birth doula

Woman standing by a tree in a wooded area with jeans and beige jacket

Meet our new Postpartum Doula and Newborn Care Specialist (NCS), Sarah!

We hope you enjoy getting to know Sarah in our Q&A blog! Sarah serves families in West Michigan as a certified Newborn Care Specialist. She offers day and overnight newborn support.
 
1) What did you do before you became a newborn care specialist?
I have worked in the field of Early Childhood for 20 years as a preschool teacher, early childhood specialist, infant toddler teacher, center director, and nanny.
2) What inspired you to become a newborn care specialist and a postpartum doula?
Seeing how many families are struggling and feeling alone after bringing a baby home. I want to offer them support during this time.
3) Tell us about your family.
I am a mother of five. I have three girls and two boys. They are all unique and amazing. My husband is my best friend and biggest supporter.
4) What is your favorite vacation spot and why? 
I loved Maui. It had great scenery, wonderful people, and amazing food.
5) Name your top five bands/musicians and tell us what you love about them.
Rihanna is my favorite musician. I love that she is free to be herself.
6) What is the best advice you have given to new families?
To trust yourself and your intuition and also to give yourself grace.
7) What do you consider your doula/newborn care specialist superpower to be?
Anticipating needs.
8) What is your favorite food?
I love curry and also pho.
9) What is your favorite place on West Michigan’s Gold Coast?
I enjoy all West Michigan beaches.
10) What are you reading now?
The Birth Partner by Penny Simkin.  
11) Who are your role models?
Dr. Shefali. She is an author and clinical psychologist. Her work and message are amazing.
Mya from Gold Coast Doulas sits inside a floating circle in front of a Kitchen + Kocktale wall wearing a headband, scarf, and crossbody fanny pack.

Meet Mya, Our Newest Postpartum Doula!

Meet Mya, Our Newest Postpartum Doula!
As you know, when we bring a new person onto the Gold Coast team, we love to find out more about them and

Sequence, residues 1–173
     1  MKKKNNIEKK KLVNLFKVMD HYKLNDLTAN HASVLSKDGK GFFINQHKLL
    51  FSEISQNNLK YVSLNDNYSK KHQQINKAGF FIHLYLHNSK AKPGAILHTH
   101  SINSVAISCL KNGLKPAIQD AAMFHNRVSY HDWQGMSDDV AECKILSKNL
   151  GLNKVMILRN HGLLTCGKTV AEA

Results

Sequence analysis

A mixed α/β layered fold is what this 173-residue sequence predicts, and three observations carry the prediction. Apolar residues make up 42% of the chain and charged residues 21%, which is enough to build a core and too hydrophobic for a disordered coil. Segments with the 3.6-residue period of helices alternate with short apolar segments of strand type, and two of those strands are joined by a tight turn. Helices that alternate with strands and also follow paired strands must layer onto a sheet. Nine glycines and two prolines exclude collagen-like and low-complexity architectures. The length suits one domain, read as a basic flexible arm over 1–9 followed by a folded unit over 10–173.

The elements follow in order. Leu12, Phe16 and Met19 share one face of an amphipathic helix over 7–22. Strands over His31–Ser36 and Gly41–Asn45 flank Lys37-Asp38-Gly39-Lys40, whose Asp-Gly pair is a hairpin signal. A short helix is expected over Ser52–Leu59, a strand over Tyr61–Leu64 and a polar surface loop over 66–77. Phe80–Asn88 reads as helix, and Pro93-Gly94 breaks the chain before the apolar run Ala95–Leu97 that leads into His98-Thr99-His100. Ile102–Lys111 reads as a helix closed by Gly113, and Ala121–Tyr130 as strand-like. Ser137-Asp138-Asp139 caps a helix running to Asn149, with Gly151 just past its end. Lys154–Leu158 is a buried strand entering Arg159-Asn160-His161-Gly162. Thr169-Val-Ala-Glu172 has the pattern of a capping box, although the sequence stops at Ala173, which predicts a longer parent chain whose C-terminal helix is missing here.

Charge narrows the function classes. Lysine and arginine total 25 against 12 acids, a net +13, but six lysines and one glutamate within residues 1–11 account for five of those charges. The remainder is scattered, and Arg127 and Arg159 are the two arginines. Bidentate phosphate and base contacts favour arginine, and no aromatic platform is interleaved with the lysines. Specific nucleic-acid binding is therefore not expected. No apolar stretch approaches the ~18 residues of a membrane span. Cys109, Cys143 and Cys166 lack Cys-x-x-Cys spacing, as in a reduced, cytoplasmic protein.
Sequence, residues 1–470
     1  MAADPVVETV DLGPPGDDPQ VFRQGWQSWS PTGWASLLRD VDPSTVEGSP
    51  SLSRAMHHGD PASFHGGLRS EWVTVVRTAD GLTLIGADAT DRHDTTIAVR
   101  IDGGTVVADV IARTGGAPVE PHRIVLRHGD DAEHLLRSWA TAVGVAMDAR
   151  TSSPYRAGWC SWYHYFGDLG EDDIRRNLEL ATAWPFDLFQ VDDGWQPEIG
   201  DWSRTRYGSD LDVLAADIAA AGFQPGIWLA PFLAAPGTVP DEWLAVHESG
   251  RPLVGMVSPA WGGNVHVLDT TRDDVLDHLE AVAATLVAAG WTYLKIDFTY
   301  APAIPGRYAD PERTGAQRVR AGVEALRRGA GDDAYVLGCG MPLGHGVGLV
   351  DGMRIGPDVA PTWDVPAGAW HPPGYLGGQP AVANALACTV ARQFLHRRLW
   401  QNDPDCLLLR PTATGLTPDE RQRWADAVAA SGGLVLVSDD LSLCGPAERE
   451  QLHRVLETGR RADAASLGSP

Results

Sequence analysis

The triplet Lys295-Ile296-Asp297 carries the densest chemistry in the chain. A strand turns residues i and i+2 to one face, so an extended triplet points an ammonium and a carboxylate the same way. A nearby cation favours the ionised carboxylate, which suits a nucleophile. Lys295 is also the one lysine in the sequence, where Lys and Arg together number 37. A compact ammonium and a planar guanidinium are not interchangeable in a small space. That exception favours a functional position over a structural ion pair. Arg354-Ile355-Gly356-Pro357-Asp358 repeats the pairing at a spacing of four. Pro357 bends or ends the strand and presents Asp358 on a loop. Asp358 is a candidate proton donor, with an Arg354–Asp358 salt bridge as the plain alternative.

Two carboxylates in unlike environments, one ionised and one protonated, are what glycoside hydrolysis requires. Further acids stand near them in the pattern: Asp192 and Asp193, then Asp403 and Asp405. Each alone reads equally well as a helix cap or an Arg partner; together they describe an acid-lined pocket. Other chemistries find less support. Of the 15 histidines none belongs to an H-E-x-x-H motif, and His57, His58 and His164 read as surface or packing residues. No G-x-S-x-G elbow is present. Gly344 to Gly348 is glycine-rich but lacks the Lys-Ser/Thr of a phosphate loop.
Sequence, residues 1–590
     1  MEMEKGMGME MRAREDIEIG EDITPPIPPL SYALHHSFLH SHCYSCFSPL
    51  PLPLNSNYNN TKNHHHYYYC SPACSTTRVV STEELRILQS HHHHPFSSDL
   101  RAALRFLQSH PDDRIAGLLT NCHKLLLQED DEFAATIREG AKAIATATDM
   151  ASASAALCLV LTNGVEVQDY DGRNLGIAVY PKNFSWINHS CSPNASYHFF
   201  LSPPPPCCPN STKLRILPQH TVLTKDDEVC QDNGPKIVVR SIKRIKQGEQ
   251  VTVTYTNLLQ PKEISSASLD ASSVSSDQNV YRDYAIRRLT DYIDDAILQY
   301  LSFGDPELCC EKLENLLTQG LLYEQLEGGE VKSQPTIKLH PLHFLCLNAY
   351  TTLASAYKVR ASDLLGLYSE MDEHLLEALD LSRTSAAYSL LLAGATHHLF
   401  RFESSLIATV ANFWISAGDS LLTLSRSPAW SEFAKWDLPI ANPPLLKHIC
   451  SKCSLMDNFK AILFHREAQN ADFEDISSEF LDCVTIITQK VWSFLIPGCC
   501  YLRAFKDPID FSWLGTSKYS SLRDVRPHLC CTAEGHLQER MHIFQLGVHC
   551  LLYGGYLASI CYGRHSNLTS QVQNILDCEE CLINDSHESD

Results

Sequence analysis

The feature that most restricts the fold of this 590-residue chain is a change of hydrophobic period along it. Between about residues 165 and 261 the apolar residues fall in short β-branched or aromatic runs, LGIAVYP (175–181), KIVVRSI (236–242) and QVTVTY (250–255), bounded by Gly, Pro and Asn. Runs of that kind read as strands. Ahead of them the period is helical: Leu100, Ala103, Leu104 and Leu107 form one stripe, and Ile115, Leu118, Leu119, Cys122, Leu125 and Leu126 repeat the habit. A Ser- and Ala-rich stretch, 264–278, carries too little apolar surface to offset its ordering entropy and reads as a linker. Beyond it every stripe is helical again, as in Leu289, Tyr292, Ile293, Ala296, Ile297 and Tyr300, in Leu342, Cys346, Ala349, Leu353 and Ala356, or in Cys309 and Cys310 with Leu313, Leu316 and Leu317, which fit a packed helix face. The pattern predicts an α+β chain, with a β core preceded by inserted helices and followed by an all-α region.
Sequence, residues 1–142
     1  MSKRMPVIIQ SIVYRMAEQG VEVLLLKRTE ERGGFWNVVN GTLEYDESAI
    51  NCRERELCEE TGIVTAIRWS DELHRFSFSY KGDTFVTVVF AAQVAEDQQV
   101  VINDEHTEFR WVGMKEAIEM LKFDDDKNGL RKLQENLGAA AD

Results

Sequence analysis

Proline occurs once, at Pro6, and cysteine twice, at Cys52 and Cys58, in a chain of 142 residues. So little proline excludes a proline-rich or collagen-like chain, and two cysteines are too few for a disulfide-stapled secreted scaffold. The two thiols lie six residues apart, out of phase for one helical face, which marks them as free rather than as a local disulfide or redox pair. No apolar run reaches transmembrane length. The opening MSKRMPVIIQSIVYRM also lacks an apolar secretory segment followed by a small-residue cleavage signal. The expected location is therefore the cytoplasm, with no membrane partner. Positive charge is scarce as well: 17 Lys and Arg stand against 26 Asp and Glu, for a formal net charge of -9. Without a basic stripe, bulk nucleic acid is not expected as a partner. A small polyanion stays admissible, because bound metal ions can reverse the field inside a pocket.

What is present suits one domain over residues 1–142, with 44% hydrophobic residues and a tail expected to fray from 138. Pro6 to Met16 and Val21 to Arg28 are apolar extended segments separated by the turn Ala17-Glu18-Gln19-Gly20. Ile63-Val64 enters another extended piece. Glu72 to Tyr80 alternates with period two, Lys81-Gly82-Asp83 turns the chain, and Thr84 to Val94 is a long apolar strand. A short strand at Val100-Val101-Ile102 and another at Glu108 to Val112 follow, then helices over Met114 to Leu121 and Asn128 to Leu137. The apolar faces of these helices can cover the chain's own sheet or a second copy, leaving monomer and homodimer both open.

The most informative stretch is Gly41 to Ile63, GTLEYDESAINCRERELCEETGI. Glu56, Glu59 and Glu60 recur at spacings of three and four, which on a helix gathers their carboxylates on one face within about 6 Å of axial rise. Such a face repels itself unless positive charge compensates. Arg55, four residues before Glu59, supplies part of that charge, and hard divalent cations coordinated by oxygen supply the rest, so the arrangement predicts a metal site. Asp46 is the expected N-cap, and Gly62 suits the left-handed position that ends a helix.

share that with you!

Let’s find out more about Mya.

1) What did you do before you became a postpartum doula?
Before becoming a doula, I worked as a swim instructor, and as a head swim coach for young children in
Naperville, Illinois. After that, I went to Central Michigan University to earn a bachelor’s degree in science.

2) What inspired you to become a postpartum doula?
I’ve always been fascinated with pregnancy as a whole, after watching my family members, experience,
pregnancy, childbirth, and postpartum. I knew I would be the perfect helping hand for those who look like me,
which is what inspired me the most. I want other minorities to feel comfortable while giving birth, which is why I
pride myself on creating such a warm and open environment.

3) Tell us about your family.
My family has a very tight bond, we are quite a small family, because of this we spend lots of our free time
together whether it’s hanging out and enjoying each other’s company or traveling and going on new
adventures. Overall, my family is very loving and supportive, and most of all we love to have a good laugh.

4) What is your favorite vacation spot and why? 
My favorite vacation spot is probably Barcelona Spain, the reason for this is because I’m a total foodie, and the
food there was beyond fresh and different from anything I’ve ever had before. Also, the architecture of all the